What the Galleon shows, we suppose, is that a pub doesn’t have to be ancient to be cosy, and that it’s possible to offer quality and choice, in a quiet way, without scaring the horses.

pubs real ale

Hunting for Ale in Exeter

A pint of Exeter Brewery 'fraid Not at the Waterfront pub

We couldn’t find many recommendations for pubs in Exeter on the Blogoshire, so thought we’d use our instincts and try out a few places on spec.

We started with the Wellhouse Tavern which is attached to Michael Caines’ hotel and restaurant on the cathedral square. We’re always interested when chefs say they like beer: it’s usually done in the middle of a spiel about how normal they are and how nothing hits the spot like good beer, after which they proceed to recommend Innis and friggin’ Gunn. Anyway, in this case, Chef or (at last his bar manager) turns out to have decent taste with five west country ales on offer, and not just the usual suspects. Standouts were O’Hanlon’s Stormsayer, a gingery, chunky 5% beer, and Bay’s Up and Under, a refreshing and moreish amber bitter. The pub itself can’t quite decide if it’s trying to be a real ale pub (large selection of beer), a party pub (bangin’ dance tunes and Jäger bombs) or a gastropub (sandwiches with pancetta) but definitely worth a look.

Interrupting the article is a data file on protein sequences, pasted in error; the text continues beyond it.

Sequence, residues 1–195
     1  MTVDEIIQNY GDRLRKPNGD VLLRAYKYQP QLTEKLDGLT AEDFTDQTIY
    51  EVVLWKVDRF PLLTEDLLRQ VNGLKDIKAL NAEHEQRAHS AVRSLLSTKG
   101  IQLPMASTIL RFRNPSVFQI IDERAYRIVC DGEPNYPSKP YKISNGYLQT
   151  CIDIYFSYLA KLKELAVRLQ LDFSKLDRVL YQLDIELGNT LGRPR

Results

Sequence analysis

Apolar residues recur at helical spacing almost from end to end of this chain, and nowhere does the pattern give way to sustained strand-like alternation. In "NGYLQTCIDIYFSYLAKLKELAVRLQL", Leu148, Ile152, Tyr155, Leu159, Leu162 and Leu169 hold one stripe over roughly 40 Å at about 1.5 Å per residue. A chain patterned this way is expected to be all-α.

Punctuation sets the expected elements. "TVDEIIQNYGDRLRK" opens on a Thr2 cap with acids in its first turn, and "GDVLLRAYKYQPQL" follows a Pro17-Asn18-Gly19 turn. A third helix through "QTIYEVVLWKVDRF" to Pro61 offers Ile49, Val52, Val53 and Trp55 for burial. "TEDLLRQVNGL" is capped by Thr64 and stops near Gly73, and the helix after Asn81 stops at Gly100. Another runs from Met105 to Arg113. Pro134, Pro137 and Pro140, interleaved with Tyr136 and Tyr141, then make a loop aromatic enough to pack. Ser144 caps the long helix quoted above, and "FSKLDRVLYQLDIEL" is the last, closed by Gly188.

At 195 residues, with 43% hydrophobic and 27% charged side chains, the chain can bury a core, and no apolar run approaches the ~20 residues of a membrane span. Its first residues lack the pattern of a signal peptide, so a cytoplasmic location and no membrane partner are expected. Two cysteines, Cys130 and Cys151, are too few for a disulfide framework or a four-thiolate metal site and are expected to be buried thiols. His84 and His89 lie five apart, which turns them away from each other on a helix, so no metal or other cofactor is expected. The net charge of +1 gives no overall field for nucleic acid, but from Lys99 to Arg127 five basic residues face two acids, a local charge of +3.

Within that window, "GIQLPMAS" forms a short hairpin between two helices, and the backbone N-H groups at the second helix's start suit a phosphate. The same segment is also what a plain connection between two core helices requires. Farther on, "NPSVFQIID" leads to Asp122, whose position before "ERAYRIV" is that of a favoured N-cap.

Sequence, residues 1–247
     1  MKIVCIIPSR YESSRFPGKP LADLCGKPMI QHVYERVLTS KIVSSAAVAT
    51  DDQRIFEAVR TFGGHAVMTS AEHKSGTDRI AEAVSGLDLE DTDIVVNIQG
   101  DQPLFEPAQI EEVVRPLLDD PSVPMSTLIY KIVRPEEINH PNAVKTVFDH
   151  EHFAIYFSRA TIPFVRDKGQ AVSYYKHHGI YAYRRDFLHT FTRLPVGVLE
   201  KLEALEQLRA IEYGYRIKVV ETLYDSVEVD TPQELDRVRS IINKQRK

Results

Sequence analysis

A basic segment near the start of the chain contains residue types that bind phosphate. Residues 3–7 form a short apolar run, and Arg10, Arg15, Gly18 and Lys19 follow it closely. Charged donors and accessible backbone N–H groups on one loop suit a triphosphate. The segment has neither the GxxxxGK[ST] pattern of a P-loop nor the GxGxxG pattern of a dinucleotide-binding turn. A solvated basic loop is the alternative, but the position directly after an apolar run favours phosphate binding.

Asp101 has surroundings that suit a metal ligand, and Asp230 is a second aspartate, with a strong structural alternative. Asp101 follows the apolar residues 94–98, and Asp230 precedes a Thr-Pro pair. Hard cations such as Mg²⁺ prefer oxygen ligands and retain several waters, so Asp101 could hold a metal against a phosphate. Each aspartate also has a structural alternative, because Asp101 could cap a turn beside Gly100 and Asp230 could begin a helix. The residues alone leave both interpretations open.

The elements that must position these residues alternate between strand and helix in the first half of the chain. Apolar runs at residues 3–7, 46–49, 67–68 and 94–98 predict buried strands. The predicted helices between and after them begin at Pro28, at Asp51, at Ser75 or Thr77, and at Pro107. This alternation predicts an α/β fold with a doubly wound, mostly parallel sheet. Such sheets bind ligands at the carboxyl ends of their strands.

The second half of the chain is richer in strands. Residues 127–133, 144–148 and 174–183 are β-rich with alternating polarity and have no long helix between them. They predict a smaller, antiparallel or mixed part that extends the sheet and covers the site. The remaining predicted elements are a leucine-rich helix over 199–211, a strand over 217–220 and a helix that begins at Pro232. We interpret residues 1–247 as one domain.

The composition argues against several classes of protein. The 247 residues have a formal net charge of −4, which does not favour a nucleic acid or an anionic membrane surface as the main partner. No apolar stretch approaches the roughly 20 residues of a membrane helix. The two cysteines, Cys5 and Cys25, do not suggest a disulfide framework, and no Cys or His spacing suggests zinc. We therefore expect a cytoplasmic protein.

Thanks to the Baedeker raids, where there ought to be quaint backstreets and half-timbered buildings, there are post-war shopping complexes, and so the city centre seems short on pubs. We headed out of the immediate centre towards the Topsham Road and came across the White Hart. This is a proper, wonky old coaching inn with a courtyard, hidden rooms and cosy corners, despite attempts by Marston’s to turn it into a plasticky chain pub. Of particular interest is their unique house beer, Old Wallop (5.6%), brewed by Ringwood (part of the Marston’s empire). It’s got a really rich, chewy toffee character, set off nicely by that famous Ringwood yeast. Good stuff.